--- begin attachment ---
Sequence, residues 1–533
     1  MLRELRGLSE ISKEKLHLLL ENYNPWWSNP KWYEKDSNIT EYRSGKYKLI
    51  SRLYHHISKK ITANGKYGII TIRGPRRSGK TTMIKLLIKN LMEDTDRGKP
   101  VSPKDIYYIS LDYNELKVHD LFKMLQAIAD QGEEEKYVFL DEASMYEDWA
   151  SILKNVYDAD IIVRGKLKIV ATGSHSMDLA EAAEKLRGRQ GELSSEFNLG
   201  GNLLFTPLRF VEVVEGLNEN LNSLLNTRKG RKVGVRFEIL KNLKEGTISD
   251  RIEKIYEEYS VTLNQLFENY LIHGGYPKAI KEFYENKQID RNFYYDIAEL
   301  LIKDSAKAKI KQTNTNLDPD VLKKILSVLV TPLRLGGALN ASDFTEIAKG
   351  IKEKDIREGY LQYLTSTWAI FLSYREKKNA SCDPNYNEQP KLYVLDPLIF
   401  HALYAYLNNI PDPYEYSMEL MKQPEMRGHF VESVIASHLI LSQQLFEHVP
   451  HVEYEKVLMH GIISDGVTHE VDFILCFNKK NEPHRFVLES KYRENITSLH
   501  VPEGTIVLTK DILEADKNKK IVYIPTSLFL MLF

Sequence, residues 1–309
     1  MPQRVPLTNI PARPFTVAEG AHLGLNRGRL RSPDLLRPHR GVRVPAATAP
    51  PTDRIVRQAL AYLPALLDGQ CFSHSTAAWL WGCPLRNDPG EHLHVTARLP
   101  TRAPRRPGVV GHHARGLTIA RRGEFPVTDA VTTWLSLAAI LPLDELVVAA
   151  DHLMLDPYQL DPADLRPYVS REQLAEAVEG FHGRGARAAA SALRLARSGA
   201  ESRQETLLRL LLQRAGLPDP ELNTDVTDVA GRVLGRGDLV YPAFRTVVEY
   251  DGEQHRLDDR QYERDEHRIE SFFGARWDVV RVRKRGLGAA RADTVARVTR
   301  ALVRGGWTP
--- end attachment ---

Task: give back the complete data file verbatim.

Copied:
Sequence, residues 1–533
     1  MLRELRGLSE ISKEKLHLLL ENYNPWWSNP KWYEKDSNIT EYRSGKYKLI
    51  SRLYHHISKK ITANGKYGII TIRGPRRSGK TTMIKLLIKN LMEDTDRGKP
   101  VSPKDIYYIS LDYNELKVHD LFKMLQAIAD QGEEEKYVFL DEASMYEDWA
   151  SILKNVYDAD IIVRGKLKIV ATGSHSMDLA EAAEKLRGRQ GELSSEFNLG
   201  GNLLFTPLRF VEVVEGLNEN LNSLLNTRKG RKVGVRFEIL KNLKEGTISD
   251  RIEKIYEEYS VTLNQLFENY LIHGGYPKAI KEFYENKQID RNFYYDIAEL
   301  LIKDSAKAKI KQTNTNLDPD VLKKILSVLV TPLRLGGALN ASDFTEIAKG
   351  IKEKDIREGY LQYLTSTWAI FLSYREKKNA SCDPNYNEQP KLYVLDPLIF
   401  HALYAYLNNI PDPYEYSMEL MKQPEMRGHF VESVIASHLI LSQQLFEHVP
   451  HVEYEKVLMH GIISDGVTHE VDFILCFNKK NEPHRFVLES KYRENITSLH
   501  VPEGTIVLTK DILEADKNKK IVYIPTSLFL MLF

Sequence, residues 1–309
     1  MPQRVPLTNI PARPFTVAEG AHLGLNRGRL RSPDLLRPHR GVRVPAATAP
    51  PTDRIVRQAL AYLPALLDGQ CFSHSTAAWL WGCPLRNDPG EHLHVTARLP
   101  TRAPRRPGVV GHHARGLTIA RRGEFPVTDA VTTWLSLAAI LPLDELVVAA
   151  DHLMLDPYQL DPADLRPYVS REQLAEAVEG FHGRGARAAA SALRLARSGA
   201  ESRQETLLRL LLQRAGLPDP ELNTDVTDVA GRVLGRGDLV YPAFRTVVEY
   251  DGEQHRLDDR QYERDEHRIE SFFGARWDVV RVRKRGLGAA RADTVARVTR
   301  ALVRGGWTP